Qualified widow(er) or widow(er) with a dependent child

You can file a joint return for the fiscal year in which the spouse died. After that, you may be able to file as a qualified widow or widower.

This filing option is open for two years after the year of the spouse's death and applies primarily to filing data provided to married joint filers. The thing to note here is that the surviving spouse took care of a dependent child who lived with the adult for the tax year. The taxpayer must have paid more than half of the housekeeping costs during this period.

Other factors to consider when choosing a filing status

Dates matter: Normally, you are filing taxes for last year, not this year, and the actual date to consider is December 31. If you're married, you have to file it as married, even if you were single 364 days a year. If you have your wedding on December 31, you are married on your tax return.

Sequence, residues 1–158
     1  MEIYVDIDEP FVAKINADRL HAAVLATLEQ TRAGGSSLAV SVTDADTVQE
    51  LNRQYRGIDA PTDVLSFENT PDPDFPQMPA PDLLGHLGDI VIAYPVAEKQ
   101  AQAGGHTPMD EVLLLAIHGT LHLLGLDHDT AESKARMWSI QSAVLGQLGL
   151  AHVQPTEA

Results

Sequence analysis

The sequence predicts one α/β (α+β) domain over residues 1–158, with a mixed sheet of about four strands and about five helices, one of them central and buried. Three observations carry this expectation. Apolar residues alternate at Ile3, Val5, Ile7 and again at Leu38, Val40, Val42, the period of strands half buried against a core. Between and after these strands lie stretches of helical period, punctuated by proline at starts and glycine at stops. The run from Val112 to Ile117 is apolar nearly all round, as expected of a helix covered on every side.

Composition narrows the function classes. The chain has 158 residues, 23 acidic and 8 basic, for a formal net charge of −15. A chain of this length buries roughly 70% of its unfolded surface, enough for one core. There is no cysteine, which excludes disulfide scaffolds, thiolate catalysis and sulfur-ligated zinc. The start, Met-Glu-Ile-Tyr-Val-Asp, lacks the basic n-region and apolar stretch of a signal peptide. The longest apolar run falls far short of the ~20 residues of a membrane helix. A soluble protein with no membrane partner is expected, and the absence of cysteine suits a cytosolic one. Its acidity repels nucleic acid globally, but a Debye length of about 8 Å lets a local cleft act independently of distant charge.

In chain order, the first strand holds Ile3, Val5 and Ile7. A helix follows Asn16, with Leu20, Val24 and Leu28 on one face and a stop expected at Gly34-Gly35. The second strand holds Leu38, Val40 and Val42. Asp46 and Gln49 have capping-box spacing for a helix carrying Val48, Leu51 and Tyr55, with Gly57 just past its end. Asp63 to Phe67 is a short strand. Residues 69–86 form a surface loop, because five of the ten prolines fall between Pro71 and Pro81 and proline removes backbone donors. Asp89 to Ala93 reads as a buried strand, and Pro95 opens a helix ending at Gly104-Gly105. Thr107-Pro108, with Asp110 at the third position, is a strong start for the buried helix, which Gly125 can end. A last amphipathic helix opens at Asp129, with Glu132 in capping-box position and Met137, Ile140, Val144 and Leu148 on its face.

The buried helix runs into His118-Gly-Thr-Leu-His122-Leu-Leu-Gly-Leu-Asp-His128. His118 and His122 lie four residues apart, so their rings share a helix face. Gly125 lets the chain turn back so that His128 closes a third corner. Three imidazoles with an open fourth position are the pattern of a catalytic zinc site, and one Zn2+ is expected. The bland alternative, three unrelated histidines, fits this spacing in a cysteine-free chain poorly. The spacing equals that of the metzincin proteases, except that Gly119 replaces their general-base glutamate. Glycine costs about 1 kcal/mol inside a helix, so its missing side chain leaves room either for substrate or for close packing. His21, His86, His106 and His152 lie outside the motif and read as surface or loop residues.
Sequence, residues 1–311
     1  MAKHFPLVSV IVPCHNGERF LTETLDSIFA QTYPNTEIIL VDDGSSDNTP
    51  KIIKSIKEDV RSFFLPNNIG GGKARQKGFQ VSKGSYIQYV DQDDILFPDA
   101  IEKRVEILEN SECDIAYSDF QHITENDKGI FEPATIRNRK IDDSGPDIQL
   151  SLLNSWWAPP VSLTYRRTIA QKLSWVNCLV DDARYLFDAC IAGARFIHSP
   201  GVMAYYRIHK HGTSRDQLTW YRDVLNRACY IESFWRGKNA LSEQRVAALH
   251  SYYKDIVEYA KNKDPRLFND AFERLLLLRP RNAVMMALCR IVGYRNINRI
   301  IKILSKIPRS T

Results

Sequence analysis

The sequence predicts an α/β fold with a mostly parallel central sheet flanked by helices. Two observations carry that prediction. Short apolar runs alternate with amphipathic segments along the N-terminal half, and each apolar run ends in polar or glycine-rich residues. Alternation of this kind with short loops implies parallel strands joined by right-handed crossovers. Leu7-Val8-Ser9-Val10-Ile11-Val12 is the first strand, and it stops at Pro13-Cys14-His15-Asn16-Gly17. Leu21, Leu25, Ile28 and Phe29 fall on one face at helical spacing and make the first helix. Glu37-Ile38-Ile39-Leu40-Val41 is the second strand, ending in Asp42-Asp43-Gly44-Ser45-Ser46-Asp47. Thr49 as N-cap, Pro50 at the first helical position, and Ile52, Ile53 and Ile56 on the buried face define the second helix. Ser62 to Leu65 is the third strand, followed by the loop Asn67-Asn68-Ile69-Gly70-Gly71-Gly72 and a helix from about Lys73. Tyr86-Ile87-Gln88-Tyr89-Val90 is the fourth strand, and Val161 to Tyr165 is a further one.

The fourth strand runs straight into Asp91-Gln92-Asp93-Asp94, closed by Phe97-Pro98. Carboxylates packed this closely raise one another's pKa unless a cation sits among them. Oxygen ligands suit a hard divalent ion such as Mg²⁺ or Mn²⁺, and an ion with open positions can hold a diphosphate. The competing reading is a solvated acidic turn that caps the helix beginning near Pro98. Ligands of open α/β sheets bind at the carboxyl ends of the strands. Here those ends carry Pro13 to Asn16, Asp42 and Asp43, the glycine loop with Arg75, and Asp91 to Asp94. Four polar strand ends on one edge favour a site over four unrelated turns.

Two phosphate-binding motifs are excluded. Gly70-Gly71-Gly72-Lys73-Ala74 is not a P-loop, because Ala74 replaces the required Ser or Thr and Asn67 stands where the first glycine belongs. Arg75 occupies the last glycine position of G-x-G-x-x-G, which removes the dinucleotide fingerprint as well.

Likewise, if you are divorced on December 31, you are considered divorced for the whole year. You will not be able to file a joint return for that year.

Carefully choose your filing status: Once you file your taxes, you may be stuck with that filing status for that fiscal year. You won't be able to change to another status if you are married and file jointly and, for some reason, decide to change to another filing status.

On the other hand, if you file separate returns and realize you should have filed jointly, you can change your returns to a joint return within three years.